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Thursday, December 8, 2022
Jul 22 2013 (IPS) - Nine of the 47 tuition-free public universities in Argentina were created in the last decade, with the aim of improving access to higher education in low-income areas. But despite the expansion and strategies to provide support for students, the drop-out rate has proven difficult to combat.
One result of this policy of inclusiveness is that “80 percent of new students (in the new universities) are the first generation in their family to attend university,” Martín Gill, secretary of university policies at the Education Ministry, told IPS.
Five of the new universities are located in Avellaneda, José C. Paz, Merlo, Moreno and Florencio Varela, which are among the most populous districts with the highest number of working-class households and the lowest incomes in the poor suburbs surrounding Buenos Aires.
The other four founded in the last 10 years, during the centre-left administrations of the late Néstor Kirchner (2003-2007) and his wife and successor President Cristina Fernández, are in the provinces of Chaco (northeast), Río Negro (south), San Luis (west-central) and Tierra del Fuego (far south), where previously there had been no public universities.
“University education is a right and the state must guarantee it,” said Gill.
The government is offering more living expenses scholarships to complement this policy, Gill said. “Although our public universities are free, for too long only better-off students who lived close by could benefit,” he said.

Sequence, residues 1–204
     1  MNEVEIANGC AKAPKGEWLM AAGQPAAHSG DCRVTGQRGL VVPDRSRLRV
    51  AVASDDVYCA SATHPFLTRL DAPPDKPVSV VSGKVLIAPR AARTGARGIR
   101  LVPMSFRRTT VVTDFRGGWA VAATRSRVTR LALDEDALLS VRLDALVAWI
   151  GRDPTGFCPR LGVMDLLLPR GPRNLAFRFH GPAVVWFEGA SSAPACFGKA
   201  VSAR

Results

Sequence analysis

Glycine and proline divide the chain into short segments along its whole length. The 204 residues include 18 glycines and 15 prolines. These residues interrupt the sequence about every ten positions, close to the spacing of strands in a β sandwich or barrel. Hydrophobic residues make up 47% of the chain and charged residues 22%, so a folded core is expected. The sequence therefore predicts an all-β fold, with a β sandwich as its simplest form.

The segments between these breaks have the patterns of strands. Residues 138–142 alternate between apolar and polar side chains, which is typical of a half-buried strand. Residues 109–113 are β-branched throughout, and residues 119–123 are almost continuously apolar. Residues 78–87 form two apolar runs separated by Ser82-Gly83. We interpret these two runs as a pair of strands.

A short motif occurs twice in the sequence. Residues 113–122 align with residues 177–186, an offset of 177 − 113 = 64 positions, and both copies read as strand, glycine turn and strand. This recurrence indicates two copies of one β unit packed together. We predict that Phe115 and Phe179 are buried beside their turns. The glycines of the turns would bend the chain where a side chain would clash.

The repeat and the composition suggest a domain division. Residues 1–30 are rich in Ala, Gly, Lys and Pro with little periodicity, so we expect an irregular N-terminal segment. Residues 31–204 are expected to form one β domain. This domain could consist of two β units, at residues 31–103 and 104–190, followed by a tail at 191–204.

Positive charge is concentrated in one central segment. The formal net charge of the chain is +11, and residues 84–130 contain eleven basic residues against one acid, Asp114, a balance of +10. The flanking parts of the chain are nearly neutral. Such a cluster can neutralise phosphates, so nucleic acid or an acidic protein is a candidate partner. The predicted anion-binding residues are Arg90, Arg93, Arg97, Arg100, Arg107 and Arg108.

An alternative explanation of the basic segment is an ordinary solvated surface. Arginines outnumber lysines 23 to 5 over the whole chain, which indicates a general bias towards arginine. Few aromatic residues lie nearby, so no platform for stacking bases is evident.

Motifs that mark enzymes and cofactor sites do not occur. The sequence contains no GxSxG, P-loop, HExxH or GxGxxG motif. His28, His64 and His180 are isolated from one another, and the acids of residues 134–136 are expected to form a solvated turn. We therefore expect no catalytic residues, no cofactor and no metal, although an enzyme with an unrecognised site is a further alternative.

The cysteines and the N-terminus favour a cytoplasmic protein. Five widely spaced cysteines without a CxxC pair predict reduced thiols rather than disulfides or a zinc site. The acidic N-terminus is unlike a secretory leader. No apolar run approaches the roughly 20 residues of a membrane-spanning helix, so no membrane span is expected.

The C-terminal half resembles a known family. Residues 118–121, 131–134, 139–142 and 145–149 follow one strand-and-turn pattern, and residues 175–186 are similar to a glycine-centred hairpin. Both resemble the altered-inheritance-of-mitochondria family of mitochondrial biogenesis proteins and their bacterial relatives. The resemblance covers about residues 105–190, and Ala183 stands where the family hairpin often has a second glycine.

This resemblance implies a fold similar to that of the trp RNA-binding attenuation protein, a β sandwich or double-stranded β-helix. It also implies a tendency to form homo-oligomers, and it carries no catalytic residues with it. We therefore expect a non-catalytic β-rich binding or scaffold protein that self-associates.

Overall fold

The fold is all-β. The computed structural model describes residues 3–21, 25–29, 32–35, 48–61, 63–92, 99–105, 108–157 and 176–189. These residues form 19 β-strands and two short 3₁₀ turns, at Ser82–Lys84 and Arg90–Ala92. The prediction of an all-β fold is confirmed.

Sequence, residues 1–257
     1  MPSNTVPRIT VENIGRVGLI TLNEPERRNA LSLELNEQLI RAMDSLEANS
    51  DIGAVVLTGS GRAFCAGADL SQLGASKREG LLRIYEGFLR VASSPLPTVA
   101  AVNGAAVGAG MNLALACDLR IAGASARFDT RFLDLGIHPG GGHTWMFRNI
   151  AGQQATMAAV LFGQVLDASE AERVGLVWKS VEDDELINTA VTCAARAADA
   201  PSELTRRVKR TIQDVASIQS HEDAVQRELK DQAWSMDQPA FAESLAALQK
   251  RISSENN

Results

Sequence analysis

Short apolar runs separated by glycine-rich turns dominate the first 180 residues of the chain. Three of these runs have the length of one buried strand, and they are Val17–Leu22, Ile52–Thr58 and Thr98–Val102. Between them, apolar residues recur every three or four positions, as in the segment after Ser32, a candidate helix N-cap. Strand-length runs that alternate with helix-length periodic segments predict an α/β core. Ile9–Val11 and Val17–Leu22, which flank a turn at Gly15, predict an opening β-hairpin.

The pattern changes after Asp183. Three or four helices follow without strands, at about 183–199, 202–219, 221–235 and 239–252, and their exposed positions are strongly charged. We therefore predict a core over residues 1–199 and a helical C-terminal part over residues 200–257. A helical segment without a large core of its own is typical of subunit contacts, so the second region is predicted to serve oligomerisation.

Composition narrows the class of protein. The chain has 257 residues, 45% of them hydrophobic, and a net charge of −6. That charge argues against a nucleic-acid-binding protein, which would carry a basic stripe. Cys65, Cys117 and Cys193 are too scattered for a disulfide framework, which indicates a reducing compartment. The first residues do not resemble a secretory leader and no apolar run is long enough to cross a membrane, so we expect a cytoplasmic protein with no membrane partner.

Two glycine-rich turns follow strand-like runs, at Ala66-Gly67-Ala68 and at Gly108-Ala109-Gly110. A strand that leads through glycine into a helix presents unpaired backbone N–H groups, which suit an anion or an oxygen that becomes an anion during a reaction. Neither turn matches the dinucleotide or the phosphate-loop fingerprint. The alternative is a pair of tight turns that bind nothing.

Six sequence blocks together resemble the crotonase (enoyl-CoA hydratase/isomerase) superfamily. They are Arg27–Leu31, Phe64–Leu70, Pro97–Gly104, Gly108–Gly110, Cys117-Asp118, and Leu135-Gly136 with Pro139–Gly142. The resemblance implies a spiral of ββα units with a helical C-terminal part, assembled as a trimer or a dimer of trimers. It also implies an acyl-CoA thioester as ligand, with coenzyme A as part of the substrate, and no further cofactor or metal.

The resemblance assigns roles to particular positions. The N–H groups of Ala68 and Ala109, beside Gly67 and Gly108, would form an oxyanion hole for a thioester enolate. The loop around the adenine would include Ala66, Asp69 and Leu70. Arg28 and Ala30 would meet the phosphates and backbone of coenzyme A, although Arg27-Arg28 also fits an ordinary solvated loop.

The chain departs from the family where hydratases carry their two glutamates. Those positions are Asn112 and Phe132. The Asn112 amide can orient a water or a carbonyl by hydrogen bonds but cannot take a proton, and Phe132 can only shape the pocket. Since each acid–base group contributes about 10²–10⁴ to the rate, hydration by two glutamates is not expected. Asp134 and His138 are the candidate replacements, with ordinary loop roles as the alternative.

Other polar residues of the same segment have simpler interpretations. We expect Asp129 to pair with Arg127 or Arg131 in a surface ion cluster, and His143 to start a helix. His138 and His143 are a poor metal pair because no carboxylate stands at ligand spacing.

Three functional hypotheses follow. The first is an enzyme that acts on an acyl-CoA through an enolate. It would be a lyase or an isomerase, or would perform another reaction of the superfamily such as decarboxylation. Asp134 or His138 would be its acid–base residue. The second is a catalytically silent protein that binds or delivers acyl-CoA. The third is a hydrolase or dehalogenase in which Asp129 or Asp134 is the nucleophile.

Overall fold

The total number of state scholarships for students from low-income families increased from 2,000 in 2003 to 47,000 in 2013, and half of them currently go to students who have chosen one of 200 scientific and technological degrees prioritised by Argentina’s development programme.
Proximity and quality
Gill said the new universities on the outskirts of Buenos Aires “are small, flexible units” that have a strong local identity while maintaining high standards of educational quality.
He mentioned, for example, the Biotechnology Centre at San Martín National University, “the largest of its kind in Latin America;” the petroleum engineering programme at the new Arturo Jauretche National University in Florencio Varela; and the economics department established at the Moreno National University.
He also highlighted research work at Quilmes National University, created before 2003 but part of the educational expansion plan. Scientists there, working with researchers at other schools in Argentina and in Cuba, have developed a therapeutic vaccine for lung cancer, which will be available from this July to treat patients in addition to radiotherapy and chemotherapy.
Gill said that when the policy was launched to open public universities in the poor suburbs known as the “Conurbano”, the idea was to decentralise the University of Buenos Aires (UBA), founded in the capital city in 1821.
While UBA has maintained its enrolment of over 300,000 students because of its high national and international prestige, the new universities and campuses on the outskirts of the city enrolled 67,000 young people this year. “It’s a policy that generates pronounced upward social mobility,” Gill said.